Wildfires are currently ravaging the West Coast of the United States. According to the state of California, since the beginning of the year, there have been nearly 7,900 wildfires that have burned over 3.4 million acres in California. Since August 15, when California’s fire activity elevated, there have been 25 fatalities and nearly 5,400 structures destroyed. In Washington wildfires have burned over 626,000 acres, 181 homes had been lost, and one death occurred as a result. In Oregon, over 1 million acres were burned, and about 40,000 people were evacuated, with about 500,000 people in evacuation warning areas.
Having this historic competition close isn't the right result for the sport, and the United States Eventing Association (USEA) is working hard to find a solution. The organizer and landowners operate exceptional events on a beautiful piece of land. We are deeply sensitive to the history of the word "plantation" and its connection to slavery; however, this property has no known connections to slavery and was instead named after 'plantings' on the property.
Dawn Robbins is a current USEA Board of Governors member, Area VI adult rider, and a contributor to the development of the Event Management System (EMS). Note that this article was written more than a year ago and serves as a guide for future USEA software development.
The 2020 competition year continues to challenge everyone in the equestrian community. Now, the impacts initially caused by the pandemic are being amplified on the West Coast due to the tragic wildfires affecting the states of California, Oregon, and Washington. In light of these devastating wildfires, concerns over air quality are ever-present since both humans and equines can be equally impacted.
We're back with another installment of Team Talk on the USEA Podcast this week! Nicole Brown is joined again by US Equestrian High Performance Director Erik Duvander and US Equestrian Developing and Emerging Rider Coach Leslie Law. This week, the Team Talk segment is all about the developing riders - riders who have come up the pipeline in the pursuit of landing a spot on a senior team.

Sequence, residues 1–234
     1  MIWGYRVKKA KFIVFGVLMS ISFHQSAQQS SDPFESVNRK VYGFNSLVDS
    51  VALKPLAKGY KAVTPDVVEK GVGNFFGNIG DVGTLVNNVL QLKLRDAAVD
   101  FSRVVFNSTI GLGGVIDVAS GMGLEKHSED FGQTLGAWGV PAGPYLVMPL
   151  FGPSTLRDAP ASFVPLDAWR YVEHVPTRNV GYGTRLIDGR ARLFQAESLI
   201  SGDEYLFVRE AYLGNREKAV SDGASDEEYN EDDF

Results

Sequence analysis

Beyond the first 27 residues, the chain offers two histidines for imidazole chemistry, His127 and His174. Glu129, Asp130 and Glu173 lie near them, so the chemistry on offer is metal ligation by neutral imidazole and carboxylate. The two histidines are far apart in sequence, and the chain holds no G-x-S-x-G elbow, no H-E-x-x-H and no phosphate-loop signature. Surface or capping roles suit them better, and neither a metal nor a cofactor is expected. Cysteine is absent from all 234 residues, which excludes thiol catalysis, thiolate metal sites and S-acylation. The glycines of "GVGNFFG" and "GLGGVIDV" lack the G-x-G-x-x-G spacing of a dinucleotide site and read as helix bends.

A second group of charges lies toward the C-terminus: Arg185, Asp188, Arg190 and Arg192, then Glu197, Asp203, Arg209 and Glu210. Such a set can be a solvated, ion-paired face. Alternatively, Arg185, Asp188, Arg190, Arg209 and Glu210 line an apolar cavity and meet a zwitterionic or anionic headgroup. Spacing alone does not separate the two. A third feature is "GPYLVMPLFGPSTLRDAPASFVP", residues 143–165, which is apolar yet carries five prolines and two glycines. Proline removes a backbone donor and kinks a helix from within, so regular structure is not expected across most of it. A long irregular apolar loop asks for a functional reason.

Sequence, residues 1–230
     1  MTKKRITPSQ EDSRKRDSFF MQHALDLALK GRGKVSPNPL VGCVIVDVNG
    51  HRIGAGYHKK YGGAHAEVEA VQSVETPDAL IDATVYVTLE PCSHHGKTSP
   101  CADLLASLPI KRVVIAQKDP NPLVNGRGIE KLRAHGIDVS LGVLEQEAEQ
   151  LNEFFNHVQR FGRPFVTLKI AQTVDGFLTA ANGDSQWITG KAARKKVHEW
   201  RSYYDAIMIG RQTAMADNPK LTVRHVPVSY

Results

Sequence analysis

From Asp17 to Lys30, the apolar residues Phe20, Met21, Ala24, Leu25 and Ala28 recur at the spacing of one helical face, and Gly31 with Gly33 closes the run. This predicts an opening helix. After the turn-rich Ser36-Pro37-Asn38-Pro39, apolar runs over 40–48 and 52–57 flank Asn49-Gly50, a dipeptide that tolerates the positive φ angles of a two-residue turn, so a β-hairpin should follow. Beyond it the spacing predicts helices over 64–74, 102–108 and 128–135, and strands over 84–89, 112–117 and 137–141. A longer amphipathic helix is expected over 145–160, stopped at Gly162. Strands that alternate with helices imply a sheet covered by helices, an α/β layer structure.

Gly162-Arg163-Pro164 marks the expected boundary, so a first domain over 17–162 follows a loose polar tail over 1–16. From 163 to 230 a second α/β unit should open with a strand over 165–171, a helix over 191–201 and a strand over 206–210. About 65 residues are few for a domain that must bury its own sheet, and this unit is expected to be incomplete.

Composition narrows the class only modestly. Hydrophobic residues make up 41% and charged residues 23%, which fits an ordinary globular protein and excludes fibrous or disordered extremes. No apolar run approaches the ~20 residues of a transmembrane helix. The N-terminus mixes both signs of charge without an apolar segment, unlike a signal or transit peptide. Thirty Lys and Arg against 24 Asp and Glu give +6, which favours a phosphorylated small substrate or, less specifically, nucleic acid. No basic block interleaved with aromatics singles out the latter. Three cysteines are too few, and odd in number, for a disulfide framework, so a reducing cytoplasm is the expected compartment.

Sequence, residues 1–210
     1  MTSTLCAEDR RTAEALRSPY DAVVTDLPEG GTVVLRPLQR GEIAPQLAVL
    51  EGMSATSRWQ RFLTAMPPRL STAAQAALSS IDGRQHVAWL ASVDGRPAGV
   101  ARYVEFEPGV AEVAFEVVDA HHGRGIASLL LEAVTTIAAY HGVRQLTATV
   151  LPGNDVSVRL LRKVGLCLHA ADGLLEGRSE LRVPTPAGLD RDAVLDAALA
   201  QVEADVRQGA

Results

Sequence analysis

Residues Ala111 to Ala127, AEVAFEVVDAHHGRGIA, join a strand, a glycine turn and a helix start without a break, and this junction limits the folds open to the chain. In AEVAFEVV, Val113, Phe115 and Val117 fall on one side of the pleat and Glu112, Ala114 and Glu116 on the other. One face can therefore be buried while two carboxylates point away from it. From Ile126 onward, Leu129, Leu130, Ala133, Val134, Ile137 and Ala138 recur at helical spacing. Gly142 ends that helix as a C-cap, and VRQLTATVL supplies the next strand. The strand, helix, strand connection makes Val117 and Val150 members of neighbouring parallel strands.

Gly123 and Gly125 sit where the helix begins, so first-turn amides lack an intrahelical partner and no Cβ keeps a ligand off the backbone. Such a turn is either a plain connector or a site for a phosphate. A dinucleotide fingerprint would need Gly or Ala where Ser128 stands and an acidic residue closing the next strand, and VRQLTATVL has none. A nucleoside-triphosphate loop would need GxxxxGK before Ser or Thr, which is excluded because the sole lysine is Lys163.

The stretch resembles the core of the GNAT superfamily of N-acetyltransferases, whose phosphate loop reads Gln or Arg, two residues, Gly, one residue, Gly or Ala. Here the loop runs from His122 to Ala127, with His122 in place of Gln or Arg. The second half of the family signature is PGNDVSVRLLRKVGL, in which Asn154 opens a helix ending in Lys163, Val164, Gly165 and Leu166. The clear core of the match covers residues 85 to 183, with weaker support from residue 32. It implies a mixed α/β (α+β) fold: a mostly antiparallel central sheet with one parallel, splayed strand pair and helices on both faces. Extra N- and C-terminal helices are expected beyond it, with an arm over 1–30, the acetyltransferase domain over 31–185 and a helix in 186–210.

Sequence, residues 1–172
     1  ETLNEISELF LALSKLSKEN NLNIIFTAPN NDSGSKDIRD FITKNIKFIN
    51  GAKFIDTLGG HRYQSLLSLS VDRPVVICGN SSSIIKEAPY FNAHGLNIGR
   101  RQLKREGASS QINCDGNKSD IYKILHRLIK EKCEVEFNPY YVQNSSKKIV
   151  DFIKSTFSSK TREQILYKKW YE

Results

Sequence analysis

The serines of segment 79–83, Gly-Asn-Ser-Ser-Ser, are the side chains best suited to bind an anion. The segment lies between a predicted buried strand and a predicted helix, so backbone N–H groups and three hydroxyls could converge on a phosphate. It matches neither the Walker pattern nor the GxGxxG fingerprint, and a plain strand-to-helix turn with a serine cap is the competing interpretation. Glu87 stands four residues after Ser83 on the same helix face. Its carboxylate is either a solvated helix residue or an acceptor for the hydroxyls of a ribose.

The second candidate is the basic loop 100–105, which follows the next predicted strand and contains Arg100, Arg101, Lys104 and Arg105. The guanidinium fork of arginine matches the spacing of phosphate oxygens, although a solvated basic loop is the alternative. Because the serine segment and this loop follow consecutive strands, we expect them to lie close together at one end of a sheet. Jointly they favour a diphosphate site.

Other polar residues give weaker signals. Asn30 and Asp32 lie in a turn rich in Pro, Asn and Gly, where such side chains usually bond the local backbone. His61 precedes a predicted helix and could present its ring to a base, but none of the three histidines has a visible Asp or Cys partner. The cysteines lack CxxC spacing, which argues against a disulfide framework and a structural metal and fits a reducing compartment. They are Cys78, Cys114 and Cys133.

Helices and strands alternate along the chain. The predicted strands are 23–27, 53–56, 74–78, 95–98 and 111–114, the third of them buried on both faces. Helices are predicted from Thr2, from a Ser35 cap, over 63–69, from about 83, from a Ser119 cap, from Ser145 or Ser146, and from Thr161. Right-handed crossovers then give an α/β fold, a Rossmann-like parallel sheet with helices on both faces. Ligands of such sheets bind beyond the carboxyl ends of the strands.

Matthew Flynn (Potomac, MD) flew around the White Oak cross-country course with Wizzerd to win the Advanced A division at the Blue Ridge Mountain Horse Trials presented by EquiSafe Global at Tryon International Equestrian Center (TIEC), ending on a score of 40.90.
Doug Payne (Aiken, SC) maintained his lead in both Advanced A and Advanced B divisions at the Blue Ridge Mountain Horse Trials at TIEC presented by EquiSafe Global. Starr Witness, the 2011 Dutch Warmblood mare (Chello III VDL x Veneur) owned in partnership with Catherine Winter and Laurie McRee, added nothing to her dressage score to remain in first with a 25.70 heading into cross-country on Sunday.
In April of 2002, a Thoroughbred filly by Frisk Me Now and out of Teetawk, bred by Jim Plemmons, was born in Kentucky and given the Jockey Club registered name Cupid’s Tart. Cupid’s Tart never raced, however, and when she was 3 years old, the breeding farm where she’d been living gave her to Irish equestrian Alec Kennedy as a sport horse prospect.
Doug Payne holds all three top places across both sections of the Advanced division after day one of competition at Tryon International Equestrian Center (TIEC) at Tryon Resort. The Blue Ridge Mountain Horse Trials at TIEC presented by EquiSafe Global kicked off Friday, September 11, with nearly 350 entries in the event’s sophomore year at TIEC.
After a long delay, the international eventing season roars back to life on the West Coast with the Twin Rivers Fall International, September 17-20 in Coastal Central California's Paso Robles.
The region's many upper level riders are excited to get back in the hunt for FEI qualifying scores and pairs of all levels are hot to strut their stuff. The competition will also host Advanced through Intro and Future Event Horse and Young Event Horse levels.
2020 continues to be a challenging year. The year of an astonishing pandemic, of economic strain, of social injustice, and of a political divide that it often seems may never be bridged. But amidst the tumult and uncertainty of the world, a pickup truck shutters to life in the early morning hours of show day.